Apparently, even the educated have reconciled to the situation; many are even adopting this culture. A young man from Jabalpur cancelled his food order with Zomato, with a vehement argument that it was contaminated with the touch of the Muslim delivery boy. Although he is entitled to his choice of food, the action of this educated man amounts to religious bigotry and human discrimination. Similarly, elsewhere, a man cancelled his request for an Ola cab, blatantly stating that he did not want to pay the "jihadi people", and even flaunted a screenshot of the cancellation showing the driver's Muslim name. Such people do not mind hurting human feelings and are unmindful of the fact that such app-based industries provide a livelihood to many youths in a gloomy economic scenario. These incidents draw familiarity to BJP supporters attacking churches, bars and discos; ensuring rustication of the Kashmiri students, and harassing Kashmiri businessmen after the Pulwama attacks as if every Kashmiri is a terrorist. It appears they are copying the thoughts of the 1857 Sepoys' Mutiny when soldiers refused to bite new cartridges suspecting them as made with cow and pig fat; though those were different days. This new culture of urban India has even invaded educational institutions, including the forward-thinking place like the JNU, and is endangering the spirit of enquiry, which is the very basis of academic life.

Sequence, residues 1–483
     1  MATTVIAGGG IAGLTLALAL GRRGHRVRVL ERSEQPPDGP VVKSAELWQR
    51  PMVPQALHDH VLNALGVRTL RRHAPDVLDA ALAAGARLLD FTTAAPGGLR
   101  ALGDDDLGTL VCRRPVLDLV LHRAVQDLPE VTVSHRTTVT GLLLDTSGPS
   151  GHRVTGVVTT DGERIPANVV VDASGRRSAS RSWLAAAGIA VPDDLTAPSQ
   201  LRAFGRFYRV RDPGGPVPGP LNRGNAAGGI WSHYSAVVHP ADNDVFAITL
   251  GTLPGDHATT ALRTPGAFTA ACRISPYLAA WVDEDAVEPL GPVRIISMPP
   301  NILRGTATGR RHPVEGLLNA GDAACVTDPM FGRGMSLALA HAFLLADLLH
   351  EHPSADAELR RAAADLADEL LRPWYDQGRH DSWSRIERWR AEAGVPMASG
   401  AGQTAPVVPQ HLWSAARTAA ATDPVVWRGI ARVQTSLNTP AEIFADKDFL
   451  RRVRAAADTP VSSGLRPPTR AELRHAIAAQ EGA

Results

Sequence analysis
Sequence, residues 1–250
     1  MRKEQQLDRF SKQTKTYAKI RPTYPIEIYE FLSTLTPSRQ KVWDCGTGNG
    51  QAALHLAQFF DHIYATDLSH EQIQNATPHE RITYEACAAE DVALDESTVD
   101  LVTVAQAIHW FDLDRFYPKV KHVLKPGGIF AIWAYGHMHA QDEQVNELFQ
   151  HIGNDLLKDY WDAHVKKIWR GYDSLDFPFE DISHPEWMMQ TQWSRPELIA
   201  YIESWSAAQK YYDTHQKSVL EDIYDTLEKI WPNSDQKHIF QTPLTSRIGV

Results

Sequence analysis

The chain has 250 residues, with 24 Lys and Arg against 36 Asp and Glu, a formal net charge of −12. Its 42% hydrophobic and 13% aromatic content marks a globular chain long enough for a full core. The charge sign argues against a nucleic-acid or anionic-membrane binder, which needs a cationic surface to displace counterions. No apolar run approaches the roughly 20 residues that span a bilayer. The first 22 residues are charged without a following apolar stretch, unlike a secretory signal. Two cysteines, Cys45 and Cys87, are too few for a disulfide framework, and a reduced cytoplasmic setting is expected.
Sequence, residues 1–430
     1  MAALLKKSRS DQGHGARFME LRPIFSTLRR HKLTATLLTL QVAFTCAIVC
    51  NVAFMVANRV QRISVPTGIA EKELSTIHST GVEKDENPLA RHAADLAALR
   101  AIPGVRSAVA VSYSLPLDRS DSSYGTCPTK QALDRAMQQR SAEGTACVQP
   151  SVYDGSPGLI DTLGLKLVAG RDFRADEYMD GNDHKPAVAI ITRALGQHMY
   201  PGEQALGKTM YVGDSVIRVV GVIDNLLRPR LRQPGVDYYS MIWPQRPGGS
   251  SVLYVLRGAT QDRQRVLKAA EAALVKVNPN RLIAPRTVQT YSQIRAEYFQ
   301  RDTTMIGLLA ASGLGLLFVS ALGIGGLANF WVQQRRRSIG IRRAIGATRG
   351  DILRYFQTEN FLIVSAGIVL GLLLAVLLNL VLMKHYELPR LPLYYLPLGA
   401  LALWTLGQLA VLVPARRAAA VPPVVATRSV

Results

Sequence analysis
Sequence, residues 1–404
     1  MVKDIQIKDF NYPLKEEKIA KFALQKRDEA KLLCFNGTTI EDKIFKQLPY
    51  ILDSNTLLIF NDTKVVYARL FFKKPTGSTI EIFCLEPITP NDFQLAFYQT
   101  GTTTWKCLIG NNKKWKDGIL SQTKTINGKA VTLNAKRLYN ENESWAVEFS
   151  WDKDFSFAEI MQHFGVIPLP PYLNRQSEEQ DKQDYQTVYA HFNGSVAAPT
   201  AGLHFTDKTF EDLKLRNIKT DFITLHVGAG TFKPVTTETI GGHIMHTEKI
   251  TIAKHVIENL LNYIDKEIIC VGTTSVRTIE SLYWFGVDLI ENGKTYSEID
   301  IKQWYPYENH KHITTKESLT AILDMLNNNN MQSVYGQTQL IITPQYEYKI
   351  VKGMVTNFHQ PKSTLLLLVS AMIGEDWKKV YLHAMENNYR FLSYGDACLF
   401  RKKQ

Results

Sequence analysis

Even a renowned historian like Romila Thapar was asked to furnish her CV for extending her status as Professor Emeritus, with the ostensible argument that the past does not matter as long as she and others are not making any new contributions. The RSS and their ilk affirm that her work based on 'Aryan invasion' hypothesis to explain our ancient history is no longer valid, but feel shy of entering into a healthy debate with her. The fact remains that over a period, new facts might emerge and new theories might evolve. But, one cannot ignore that her inquisitive mind followed the facts and materials available in her times, and she did her best in the interest of academics.